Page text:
A Selective Guide to the Arts in Los Angeles

On their new release from Reference Recordings, Manfred Honeck and the Pittsburgh Symphony Orchestra perform Beethoven’s Symphony No. 6 “Pastoral” and Steven Stucky’s Silent Spring.

In typical fashion, Honeck re-interprets a warhorse in ways that are at once noticeable (some might say shocking) but also satisfying. Not many conductors have the street cred to reimagine masterpieces in the standard repertoire. But Honeck, an Austrian and former violinist with the Vienna Philharmonic, knows his stuff. Every one of Honeck’s recordings of major works in the standard repertoire is unique. I mean, what’s the point of recording another well-played version of Beethoven’s Third, Fifth, Sixth, Seventh or Ninth, or Brahms’ Fourth or Tchaikovsky’s Fourth if a conductor can’t offer something different and compelling?

I’m sure all conductors think carefully about the works they perform, even if they have performed them many times. With Honeck, however, one gets insight into how he thinks about the compositions because he writes the liner notes and describes in detail (with measure numbers and times on the recording) where he has the musicians in the orchestra play what. And, as he is wont to do with other interpretations, Honeck imposes his own ideas on specific parts of the pieces. But his ideas are informed, in the present case, by Beethoven’s own markings in the score and notes in his sketchbooks, as well as historical facts about Beethoven and comments from his contemporaries. 

Of course, the listener — or reviewer — may like or dislike what one may describe as Honeck meddling with a master’s score. In reviews of previous Honeck recordings with the PSO, I have expressed my likes and dislikes, but they were based on my own personal preferences and nothing more.

I mention all of this because in this recording of Beethoven’s Sixth Symphony, Honeck makes some pretty obvious changes, more than just playing around with dynamics, which he regularly does in his interpretations and which I almost always appreciate. There are at least two conspicuous instances in this recording. One occurs in two places — in the first and third movements — where Honeck amplifies the bird calls played by the flutes by adding the piccolo. Perhaps more startling is the change in the third movement, which Beethoven titled “Merry assembly of country folk.” About 53 seconds into the movement, Honeck asks the “musicians to stamp along with their feet exactly on the repeated sforzati(emphasized beats) with the goal to acoustically imitate the fervor of the peasants” as they dance. This might simply go too far for some critics. Listeners can judge for themselves.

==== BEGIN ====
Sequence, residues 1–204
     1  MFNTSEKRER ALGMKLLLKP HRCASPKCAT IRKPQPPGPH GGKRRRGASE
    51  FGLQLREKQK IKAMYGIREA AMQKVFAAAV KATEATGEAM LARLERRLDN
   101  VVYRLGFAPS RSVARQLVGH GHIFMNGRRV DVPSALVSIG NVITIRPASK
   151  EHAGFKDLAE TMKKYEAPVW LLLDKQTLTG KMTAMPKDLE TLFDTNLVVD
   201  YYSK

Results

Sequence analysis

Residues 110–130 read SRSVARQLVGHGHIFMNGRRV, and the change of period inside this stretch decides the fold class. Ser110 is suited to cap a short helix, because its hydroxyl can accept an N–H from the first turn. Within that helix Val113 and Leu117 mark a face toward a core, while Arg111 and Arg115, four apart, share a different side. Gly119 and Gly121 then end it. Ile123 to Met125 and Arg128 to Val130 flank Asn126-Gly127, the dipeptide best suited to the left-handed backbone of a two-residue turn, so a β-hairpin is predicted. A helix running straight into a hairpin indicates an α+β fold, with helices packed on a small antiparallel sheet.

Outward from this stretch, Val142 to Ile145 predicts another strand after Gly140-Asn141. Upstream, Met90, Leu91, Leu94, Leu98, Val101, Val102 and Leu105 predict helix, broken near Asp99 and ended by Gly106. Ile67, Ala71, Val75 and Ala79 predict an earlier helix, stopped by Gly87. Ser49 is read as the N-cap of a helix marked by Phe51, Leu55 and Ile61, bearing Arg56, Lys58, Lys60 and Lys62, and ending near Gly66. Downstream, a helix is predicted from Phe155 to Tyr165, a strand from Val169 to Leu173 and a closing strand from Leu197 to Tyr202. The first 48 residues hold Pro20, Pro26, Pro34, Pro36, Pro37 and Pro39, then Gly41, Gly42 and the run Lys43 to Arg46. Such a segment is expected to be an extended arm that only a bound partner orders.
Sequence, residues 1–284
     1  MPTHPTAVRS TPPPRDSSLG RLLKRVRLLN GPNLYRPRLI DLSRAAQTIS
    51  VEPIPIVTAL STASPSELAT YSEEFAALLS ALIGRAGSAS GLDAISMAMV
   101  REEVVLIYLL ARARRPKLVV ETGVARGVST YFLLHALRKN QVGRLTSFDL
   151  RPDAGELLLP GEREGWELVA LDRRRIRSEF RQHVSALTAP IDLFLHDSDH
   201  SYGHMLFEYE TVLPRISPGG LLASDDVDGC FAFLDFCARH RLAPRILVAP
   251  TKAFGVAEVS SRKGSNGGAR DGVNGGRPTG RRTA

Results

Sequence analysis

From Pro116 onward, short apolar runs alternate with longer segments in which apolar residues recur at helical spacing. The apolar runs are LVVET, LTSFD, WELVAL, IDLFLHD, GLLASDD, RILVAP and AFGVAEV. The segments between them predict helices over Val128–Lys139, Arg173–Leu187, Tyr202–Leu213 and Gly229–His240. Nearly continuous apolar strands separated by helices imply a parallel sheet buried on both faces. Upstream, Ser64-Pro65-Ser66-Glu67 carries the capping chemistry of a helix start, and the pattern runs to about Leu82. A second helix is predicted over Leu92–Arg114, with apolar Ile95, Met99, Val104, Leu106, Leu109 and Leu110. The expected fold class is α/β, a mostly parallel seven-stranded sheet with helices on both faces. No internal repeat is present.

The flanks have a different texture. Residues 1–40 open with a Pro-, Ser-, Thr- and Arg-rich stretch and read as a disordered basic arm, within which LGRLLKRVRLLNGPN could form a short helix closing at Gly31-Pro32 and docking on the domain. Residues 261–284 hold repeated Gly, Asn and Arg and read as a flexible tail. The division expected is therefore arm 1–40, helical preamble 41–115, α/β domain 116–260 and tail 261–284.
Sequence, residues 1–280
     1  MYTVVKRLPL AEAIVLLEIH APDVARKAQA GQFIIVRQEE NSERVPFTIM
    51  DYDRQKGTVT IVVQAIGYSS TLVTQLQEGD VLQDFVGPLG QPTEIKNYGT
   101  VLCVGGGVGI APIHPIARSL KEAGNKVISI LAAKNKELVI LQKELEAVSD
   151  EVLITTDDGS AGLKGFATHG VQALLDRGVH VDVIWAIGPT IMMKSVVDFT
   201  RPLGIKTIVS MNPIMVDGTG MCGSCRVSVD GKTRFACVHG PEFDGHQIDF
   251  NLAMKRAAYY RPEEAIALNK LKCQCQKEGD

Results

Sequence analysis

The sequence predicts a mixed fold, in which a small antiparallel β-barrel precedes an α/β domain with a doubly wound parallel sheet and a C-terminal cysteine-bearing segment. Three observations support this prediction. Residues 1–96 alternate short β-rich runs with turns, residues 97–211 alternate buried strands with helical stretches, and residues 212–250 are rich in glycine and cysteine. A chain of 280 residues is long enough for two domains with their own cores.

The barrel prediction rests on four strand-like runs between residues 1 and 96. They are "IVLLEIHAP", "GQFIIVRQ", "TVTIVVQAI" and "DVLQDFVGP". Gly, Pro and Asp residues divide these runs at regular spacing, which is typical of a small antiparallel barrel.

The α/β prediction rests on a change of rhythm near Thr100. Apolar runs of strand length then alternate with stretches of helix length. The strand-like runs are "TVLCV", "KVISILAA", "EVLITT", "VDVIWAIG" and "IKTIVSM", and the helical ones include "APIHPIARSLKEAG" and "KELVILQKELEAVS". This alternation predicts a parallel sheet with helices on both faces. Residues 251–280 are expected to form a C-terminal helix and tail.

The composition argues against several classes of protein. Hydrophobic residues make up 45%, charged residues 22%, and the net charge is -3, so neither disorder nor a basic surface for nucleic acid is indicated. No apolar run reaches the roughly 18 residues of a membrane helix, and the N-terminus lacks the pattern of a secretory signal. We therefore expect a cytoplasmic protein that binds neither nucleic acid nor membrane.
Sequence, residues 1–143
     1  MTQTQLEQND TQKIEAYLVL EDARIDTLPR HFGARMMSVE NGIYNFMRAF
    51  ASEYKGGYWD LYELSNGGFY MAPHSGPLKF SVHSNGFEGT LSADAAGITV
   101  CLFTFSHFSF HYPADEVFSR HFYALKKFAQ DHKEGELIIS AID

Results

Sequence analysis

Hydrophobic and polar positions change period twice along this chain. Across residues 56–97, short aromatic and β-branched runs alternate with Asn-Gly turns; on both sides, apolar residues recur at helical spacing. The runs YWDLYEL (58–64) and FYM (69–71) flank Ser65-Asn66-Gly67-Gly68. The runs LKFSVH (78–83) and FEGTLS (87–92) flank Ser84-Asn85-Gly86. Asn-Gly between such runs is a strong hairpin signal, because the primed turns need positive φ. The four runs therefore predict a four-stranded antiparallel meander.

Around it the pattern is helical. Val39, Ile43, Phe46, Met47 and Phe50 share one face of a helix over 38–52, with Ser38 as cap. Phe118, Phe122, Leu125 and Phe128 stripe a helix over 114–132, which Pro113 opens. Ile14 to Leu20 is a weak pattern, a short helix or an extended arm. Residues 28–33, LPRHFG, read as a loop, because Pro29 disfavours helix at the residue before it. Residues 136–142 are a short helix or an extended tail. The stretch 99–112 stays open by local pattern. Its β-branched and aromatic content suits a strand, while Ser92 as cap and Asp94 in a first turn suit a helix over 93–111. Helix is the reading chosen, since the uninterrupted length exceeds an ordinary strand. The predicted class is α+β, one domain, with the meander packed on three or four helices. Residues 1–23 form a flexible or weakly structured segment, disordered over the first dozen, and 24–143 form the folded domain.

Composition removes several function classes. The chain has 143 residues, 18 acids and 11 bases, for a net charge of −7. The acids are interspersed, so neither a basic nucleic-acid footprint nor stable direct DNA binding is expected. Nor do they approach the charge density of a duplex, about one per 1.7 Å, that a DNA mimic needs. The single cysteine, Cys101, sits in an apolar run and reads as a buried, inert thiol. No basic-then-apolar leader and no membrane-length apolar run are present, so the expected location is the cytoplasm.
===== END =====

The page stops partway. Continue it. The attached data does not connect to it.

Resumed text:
The differences in this recording are noticeable right from the start. The first movement, which Beethoven titled “Awakening of cheerful feelings on arriving in the country,” moves along at a faster clip than many other recordings. This relatively faster tempo, however, conveys the excitement of the person (Beethoven) upon arriving in the country. The other movements are equally satisfying, with dynamic changes and numerous places where Honeck allows individual instruments to stand out, which one rarely hears in other recordings.

The overall effect is a lively and energetic version of Beethoven’s Sixth that perfectly captures what I think Beethoven was trying to convey. This performance of Beethoven’s Pastoral Symphony by the PSO is exciting and a must for anyone wanting to hear a fresh approach to this masterpiece. In many ways, listening to Honeck and the PSO perform Beethoven’s Pastoral Symphony is like hearing it for the first time.

On this CD, Honeck pairs the Beethoven with Silent Spring by Steven Stucky. Stucky was commissioned by the PSO to compose Silent Spring to commemorate the 50th anniversary of the publication of Silent Spring by Rachel Carson who was a Pittsburgh native. Stucky’s Silent Spring is a one-movement tone poem which consists of four sections. Stucky titled the first section, The Sea Around Us, after Carson’s first book. The titles of the second two sections — The Lost Wood and Rivers of Death — were two chapters in Silent Spring, and the title of the final section is Silent Spring

The orchestration reflects Stucky’s rendering of Carson’s warnings about how we are destroying the natural world around us, with lots of playing in the lower registers and sharp, jagged bursts of strings. In the end, however, as Stucky writes, “like the insects and birds that Rachel Carson wrote about, one by one those ecstatic orchestral voices fall quiet. We are left with near silence.” Silent Spring certainly captures the feelings one might have about what we humans have done to our natural world.

The pairing of the Beethoven with Stucky’s piece is obvious: both deal with nature and both are semi-programmatic. But where Beethoven’s expresses feelings of joy, Stucky’s is downright dark and despairing. One laughs while the other weeps, to borrow Brahms’ description of his two overtures, Academic Festival and Tragic. Stucky himself in the liner notes uses words like “desolate,” “somber,” “scathing” and “diabolical.” But then again, times are a lot different now than they were when Beethoven derived joy and peace from walking in the woods. We have the despoliation of nature due to human-caused climate change and habitat destruction. 

I’m not sure I would recommend listening to the pieces in the order in which they are presented on the CD. I, myself, would rather finish with the optimism of the Beethoven.

—Henry Schlinger, Culture Spot LA

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